With all of that I agree - but how?

How shall we "challenge" the new restrictions or "oppose" any "provisions that make it on the statute books" if we start from a position of unquestioning obedience to the law (however bad)?

Because, Because, no mistake about it, UNISON's current approach (officially) is never, ever, to risk breaking the law (no matter how restrictive that law may become or how many international treaty obligations it may trample into the dust).

Indeed, we may not even discuss at our Conference the possibility that we might seek to change this approach. And an attempt to amend the very Rule, upon a questionable interpretation of which this prohibition is founded has itself been ruled out or order.

The current Rule B.4.5 says that one of the aims and objectives of the Union shall be to "perform such other duties and engage in such other business as a trade union may lawfully undertake."

In the past, the Standing Orders Committee (SOC) for our National Delegate Conference (NDC) has applied this rule (and in particular the word "lawfully" which it contains) to rule out of order any motion for debate at Conference which even suggests that UNISON might have to operate outside the law.

This has always been an arguably absurd reading of what is obviously intended to be a "miscellaneous" paragraph within our "aims and objectives" with which the authors clearly intended to ‎capture any activity which they had omitted in the other aims and objectives.

Nevertheless, in order to try to get the Union off the hook of the (now established) interpretation of Rule B.4.5, Lambeth branch proposed to delete the existing wording and replace it with an aim and objective "to undertake such other activities as may be determined by the union in accordance with these Rules."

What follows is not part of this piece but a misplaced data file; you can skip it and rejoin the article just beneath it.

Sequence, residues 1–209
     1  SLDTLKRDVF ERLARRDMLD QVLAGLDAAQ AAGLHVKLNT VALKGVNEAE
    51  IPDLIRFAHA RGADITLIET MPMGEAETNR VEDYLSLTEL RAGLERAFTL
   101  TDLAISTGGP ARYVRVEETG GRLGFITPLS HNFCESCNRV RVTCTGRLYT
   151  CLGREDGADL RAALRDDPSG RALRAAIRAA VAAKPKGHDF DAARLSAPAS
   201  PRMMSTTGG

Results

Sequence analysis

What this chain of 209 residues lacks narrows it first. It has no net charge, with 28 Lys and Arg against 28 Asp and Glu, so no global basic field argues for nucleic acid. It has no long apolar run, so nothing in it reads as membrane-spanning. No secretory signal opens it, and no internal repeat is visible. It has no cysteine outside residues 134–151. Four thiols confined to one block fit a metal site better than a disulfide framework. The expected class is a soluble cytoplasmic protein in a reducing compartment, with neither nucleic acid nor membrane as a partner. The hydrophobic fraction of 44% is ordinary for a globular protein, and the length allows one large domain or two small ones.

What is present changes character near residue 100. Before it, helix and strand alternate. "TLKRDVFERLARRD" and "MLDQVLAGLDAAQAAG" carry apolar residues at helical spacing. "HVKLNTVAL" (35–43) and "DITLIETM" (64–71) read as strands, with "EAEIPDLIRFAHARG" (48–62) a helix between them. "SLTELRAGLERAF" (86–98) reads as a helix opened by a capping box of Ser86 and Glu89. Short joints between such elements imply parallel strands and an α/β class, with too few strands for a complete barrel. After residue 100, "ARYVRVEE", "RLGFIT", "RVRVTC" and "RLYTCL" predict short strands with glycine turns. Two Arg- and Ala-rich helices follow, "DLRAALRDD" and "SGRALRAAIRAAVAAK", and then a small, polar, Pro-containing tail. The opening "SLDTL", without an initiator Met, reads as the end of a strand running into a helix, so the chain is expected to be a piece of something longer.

Risibly, this Rule Amendment has been ruled out of order on the grounds that it "could place the union in legal jeopardy." Whilst the branch can - and will - challenge this ruling, the fact that the Rule Amendment does not have a number on the Preliminary Agenda means that it cannot be prioritised for debate in the pre-Conference prioritisation process (of which more soon).

Furthermore, since the SOC decided some years ago that Rule Amendments not debated on the Thursday afternoon of NDC could not be part of the "reprioritisation process" in which the order of business for about ninety minutes of the Friday afternoon is determined, the only realistic chance that a Rule Amendment, once having been ruled out of order, could be debated would be if it were not only put back on the agenda but also timetabled for debate.

‎So, we can agree all manner of fine words with which to garland our campaign of opposition to the Trade Union Bill, but its most important proposal, to make national industrial action within the law an effective impossibility, is something to which we shall bend the knee (whilst forbidding ourselves from even debating any alternative).

Where in this approach can we see a future for trade unionism?

Sent from my BlackBerry 10 smartphone on the EE network.

Tuesday, March 22, 2016

GMB - the weakest link on local government pay?,70HO,8OJEG,LZPL,1

This is a link to the latest pay bulletin from UNISON\'s local government section.‎ It reports quite rightly that members of both UNISON and UNITE have rejected the employers\' two year pay offer of 1% a year. The unions are seeking further discussions, including the possibility of agreeing a deal for a single year.

The UNISON bulletin also reports, factually and without adverse comment, that GMB members voted by a margin of nine to one to accept the offer.